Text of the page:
Digital Britain expected to leave key points unanswered

The Digital Britain report expected this afternoon is likely to disappoint many.

The Digital Britain report expected this afternoon is likely to disappoint many.

Many of the issues it addresses are subject to efforts to create a single pan-European market for telecommunications. As such, key aspects of the report, such as spectrum allocation, file sharing and privacy are hostage to fortunes being negotiated in Brussels and Strasbourg.

In particular, communications minister Stephen Carter is expected to leave unanswered the crucial question of how to fund the extension of high-speed internet access to everyone, a cost estimated as high as £27bn by the Broadband Stakeholders Group, a multi-interest lobby group.

No matter what Carter produces, it will be tainted by the fact that he will leave it to others, most probably business secretary Peter Mandelson, to implement, when he leaves government in the parliamentary summer recess.

The report is expected to provide the country with a roadmap of how Britain can gear itself to compete in a world where competition is based more and more on knowledge and the ability to turn it into products and services.

Philip Virgo, spokesman for parliamentary-industry body Eurim, described its ambition as providing a "cross-cutting blueprint for an industrial strategy in the information age".

Network owners and music and video publishers have lobbied vigorously for protection for their existing and proposed investments. But Carter's view is likely to be tempered by a recent finding of communications regulator Ofcom's consumer panel that 42% of adults will not use such a service, even it is cheap and available, because there is nothing on it that interests them enough to bother.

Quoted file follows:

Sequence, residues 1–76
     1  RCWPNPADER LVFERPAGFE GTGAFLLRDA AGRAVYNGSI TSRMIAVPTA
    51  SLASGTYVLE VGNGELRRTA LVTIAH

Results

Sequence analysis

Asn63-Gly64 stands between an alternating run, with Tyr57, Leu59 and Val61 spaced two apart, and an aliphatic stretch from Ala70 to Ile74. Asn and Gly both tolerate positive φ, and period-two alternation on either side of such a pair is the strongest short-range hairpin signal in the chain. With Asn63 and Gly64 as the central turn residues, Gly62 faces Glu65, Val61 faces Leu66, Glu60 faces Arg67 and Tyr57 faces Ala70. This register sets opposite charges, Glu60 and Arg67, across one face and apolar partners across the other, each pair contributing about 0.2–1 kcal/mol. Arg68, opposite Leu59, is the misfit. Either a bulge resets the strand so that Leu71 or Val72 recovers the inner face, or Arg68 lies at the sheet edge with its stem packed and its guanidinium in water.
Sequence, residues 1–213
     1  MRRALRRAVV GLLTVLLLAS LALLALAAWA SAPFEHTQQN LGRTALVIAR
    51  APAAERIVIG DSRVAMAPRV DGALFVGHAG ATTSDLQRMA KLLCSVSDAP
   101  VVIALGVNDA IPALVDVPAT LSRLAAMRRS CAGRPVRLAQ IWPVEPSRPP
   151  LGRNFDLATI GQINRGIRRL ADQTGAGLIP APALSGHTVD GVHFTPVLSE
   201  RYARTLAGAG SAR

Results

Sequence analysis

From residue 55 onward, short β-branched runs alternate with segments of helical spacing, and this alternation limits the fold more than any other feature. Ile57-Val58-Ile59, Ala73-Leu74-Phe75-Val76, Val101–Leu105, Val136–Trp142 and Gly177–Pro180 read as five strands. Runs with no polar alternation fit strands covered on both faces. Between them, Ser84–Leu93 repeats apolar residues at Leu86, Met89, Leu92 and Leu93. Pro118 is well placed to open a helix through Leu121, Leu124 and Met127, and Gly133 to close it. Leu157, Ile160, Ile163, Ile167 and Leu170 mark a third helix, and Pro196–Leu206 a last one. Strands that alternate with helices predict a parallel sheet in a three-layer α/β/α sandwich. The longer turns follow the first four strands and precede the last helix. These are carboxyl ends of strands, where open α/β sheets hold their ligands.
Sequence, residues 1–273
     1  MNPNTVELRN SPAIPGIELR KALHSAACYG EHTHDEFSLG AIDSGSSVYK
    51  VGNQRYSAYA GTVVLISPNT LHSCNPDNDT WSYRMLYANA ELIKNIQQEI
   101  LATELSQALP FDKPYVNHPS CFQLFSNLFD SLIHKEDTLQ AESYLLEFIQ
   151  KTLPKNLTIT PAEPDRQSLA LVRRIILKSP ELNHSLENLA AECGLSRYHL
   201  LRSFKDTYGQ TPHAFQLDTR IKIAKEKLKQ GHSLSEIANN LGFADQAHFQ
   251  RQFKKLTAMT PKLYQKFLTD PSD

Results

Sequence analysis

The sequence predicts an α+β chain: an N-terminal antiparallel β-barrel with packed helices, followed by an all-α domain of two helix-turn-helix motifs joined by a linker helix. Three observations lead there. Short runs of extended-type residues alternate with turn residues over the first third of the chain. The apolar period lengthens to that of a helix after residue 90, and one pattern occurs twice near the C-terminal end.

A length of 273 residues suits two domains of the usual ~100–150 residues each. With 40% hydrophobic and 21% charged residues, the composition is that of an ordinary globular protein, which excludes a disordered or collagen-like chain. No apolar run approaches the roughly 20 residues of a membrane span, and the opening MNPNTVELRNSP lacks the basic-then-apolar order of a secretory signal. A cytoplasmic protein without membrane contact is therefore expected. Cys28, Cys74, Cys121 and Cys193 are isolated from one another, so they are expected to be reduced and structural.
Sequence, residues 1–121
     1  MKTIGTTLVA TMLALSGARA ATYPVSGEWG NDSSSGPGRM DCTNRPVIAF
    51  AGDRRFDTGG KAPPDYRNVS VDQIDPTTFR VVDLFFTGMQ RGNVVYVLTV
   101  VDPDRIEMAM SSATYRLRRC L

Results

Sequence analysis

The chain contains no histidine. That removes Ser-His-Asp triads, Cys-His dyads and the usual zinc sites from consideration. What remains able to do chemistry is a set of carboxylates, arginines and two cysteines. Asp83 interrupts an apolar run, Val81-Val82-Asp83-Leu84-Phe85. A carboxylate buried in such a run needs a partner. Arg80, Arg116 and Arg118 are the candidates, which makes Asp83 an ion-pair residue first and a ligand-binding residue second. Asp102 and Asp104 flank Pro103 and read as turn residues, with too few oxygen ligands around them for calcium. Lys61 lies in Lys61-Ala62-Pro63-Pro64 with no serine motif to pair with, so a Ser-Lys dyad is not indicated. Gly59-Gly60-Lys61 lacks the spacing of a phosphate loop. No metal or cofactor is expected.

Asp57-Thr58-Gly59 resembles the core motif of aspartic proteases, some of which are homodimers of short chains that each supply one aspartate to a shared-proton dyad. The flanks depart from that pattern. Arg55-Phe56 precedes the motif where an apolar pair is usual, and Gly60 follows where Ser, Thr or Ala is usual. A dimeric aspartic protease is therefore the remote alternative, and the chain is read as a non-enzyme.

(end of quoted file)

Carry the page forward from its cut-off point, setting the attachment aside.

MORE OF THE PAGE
This goes to the heart of an earlier criticism of the interim report, acknowledged by Carter, that it did little to address consumers' concerns, or those of content creators.

Businesses' interest in the report has centred on the question of competition. The Communications Management Association, whose members spend some £15bn a year on communications, said that businesses' interests were best served through encouraging and increasing competition among network operators.

In its Digital Britain manifesto published in February, the CMA called for Ofcom to monitor competition continuously to ensure that it was effective and sustainable, especially outside of the main cities.

The CBI, the UK's largest business lobby group, concurred. In a submission on the European Telecommunications Package, it "strongly supported" efforts to create a single market in communications and sought the promotion of competition through increased political independence and operational effectiveness for national regulatory authorities. A CBI spokesman said, "Our views with respect to the Carter report are unchanged from that."

The CMA called for universal access to broadband, preferably faster than the 2Mbps government has said it will ask for. "But universal broadband access isn't enough by itself to guarantee our future," CMA chairman Carolyn Kimber said.

"Unless effective policies are in place to prevent anti-competitive restrictions on the use of the new networks, we could face a return to a monopoly in both infrastructure and services," she added.

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